Link to video. Happy Halloween from Boing Boing! Zombies are forever.

Jenny Ryan's comic book embroidery

Via Joshua Glenn's Hermenaut:


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Eric Reynolds of Fantagraphics sez: "Jenny Ryan embroidered this awesome cover for Nickelodeon Mag's "Comic Book" section this month, based on a drawing by her husband, Johnny Ryan." Link

Business of Death animation

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Alejandro Cardenas and Daniel Cardenas were commissioned by GOOD Magazine to create this terrific animation presenting curious facts about the death industry. Link

Samurai costume made from Rubbermaid trash-cans

Flickr user Kudzutech's bad-ass samurai costume (build detailed at the link below) is made from 32 gallon Rubbermaid garbage cans! Link (Thanks, Rob!)

Chicago Public Radio on crashed drug plane

In the comments to the weird story about the crashed drug plane with ties to the CIA, Mongip pointed to a "much more detailed, objective and intriguing investigative report on this plane," from Chicago Public Radio.
The new owner? "Donna Blue Aircraft"[3] a corporation recently registered in South Florida to two Brazilians.

[Reporter Kevin] HALL: one of these mailboxes-are-us type of business.

Donnablueaircraft dot com was registered just ten days before they bought the plane[4] So is this just a Front Company? Investigative journalist Daniel Hopsicker visited Donna Blue’s listed address… He found an empty office suite, a blank sign, and six unmarked police cruisers parked in front.[5]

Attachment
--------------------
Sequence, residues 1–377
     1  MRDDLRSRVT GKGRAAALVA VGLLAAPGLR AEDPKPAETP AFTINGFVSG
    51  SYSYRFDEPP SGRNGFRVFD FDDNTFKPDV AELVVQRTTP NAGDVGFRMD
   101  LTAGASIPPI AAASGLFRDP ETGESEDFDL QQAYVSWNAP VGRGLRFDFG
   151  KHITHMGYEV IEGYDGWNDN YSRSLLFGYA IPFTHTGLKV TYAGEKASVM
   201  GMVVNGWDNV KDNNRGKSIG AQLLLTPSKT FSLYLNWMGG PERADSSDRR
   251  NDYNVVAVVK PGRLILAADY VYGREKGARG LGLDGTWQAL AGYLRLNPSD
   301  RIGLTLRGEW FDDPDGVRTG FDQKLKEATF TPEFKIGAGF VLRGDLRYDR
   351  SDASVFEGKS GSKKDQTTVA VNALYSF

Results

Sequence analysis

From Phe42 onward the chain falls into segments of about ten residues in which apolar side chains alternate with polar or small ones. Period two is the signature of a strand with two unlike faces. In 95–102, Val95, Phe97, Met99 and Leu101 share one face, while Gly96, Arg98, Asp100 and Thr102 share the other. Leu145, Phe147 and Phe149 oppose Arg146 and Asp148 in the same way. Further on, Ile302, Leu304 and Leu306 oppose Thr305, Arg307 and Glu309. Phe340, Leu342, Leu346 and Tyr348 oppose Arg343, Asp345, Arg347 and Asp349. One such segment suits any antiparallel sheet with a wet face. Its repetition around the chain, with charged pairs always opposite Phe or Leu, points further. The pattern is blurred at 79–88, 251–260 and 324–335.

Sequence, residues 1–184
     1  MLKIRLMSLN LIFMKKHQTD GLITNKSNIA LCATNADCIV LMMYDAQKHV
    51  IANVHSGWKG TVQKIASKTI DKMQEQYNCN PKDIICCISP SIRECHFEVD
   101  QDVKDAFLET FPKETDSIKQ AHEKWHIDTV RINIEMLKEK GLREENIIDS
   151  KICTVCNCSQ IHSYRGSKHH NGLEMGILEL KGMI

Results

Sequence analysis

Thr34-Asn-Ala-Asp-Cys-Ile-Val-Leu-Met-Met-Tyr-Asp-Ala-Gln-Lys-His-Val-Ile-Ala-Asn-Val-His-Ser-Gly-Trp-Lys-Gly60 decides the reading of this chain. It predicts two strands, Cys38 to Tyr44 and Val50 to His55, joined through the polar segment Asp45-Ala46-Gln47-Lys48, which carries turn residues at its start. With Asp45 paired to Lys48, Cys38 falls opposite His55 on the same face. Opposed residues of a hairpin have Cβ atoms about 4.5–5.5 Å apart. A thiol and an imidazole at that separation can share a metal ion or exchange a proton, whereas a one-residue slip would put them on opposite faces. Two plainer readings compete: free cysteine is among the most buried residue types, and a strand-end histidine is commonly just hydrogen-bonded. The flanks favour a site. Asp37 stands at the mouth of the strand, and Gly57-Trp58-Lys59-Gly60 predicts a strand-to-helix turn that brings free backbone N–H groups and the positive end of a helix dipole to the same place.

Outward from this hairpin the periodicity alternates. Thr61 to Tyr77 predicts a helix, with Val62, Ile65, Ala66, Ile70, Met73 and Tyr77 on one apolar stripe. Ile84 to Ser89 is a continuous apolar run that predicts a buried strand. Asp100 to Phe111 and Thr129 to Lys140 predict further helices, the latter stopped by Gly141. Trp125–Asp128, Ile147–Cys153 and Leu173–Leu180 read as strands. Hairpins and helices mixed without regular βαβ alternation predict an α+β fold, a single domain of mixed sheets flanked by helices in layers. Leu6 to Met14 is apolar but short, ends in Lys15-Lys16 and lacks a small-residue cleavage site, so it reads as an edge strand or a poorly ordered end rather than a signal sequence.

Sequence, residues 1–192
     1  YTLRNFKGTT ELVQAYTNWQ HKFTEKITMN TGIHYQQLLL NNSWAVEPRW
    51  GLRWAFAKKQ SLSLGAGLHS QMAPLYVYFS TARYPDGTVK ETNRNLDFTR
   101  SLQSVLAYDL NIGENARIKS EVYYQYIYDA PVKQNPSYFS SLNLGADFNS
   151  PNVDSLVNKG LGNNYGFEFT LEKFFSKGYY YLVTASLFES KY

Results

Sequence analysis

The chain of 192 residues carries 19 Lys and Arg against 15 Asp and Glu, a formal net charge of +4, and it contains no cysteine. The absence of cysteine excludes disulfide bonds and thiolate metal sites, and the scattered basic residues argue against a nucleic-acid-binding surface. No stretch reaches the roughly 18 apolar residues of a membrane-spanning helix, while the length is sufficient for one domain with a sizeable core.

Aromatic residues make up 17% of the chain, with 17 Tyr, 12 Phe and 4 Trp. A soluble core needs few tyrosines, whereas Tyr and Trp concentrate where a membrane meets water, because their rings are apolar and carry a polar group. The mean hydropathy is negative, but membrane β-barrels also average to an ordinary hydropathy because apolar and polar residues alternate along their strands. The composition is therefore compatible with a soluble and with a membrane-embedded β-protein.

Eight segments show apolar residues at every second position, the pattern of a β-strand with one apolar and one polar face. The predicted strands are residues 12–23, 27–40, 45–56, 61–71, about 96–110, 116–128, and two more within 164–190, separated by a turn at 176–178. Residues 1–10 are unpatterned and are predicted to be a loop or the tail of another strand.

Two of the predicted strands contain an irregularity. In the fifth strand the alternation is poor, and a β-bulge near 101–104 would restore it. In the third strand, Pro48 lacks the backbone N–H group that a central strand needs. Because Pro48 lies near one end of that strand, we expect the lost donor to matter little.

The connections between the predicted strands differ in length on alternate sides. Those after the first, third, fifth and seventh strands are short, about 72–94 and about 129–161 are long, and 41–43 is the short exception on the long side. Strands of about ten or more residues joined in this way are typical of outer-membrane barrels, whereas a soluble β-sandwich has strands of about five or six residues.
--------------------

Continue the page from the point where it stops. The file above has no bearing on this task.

[Investigative journalist Daniel] HOPSICKER: It’s a phony front company.

Exactly who these Brazilians are is a whole 'nuther story.

HOPSICKER: Non-US citizens are not allowed to own N-Numbered Planes…and…neither one of these guys appears to be a US Citizen.

HALL: he didn’t check either box as to whether he was a US citizen.

After just two weeks, the plane was sold again in another mysterious transaction. The only evidence for this is an anomalous bill of sale with the name of the new owner: “Clyde O’Connor” He’s a well-known guy around Ft. Lauderdale Executive Airport.

HALL: I had the sense they seemed to have known more about him than they were letting on, he seems to be a veteran around that area, who’s got a bit of a checkered past.

O’Connor’s been involved in at least two plane crashes and he was cited for Criminal Air Safety Violations in 2001.

[Florida reporter Bob] NORMAN: He’d gone through bankruptcies, a divorce, he’s a chronic traffic offender.

Florida reporter [and Blogger @ the Broward Palm Beach New Times] Bob Norman tried to track down O’Connor.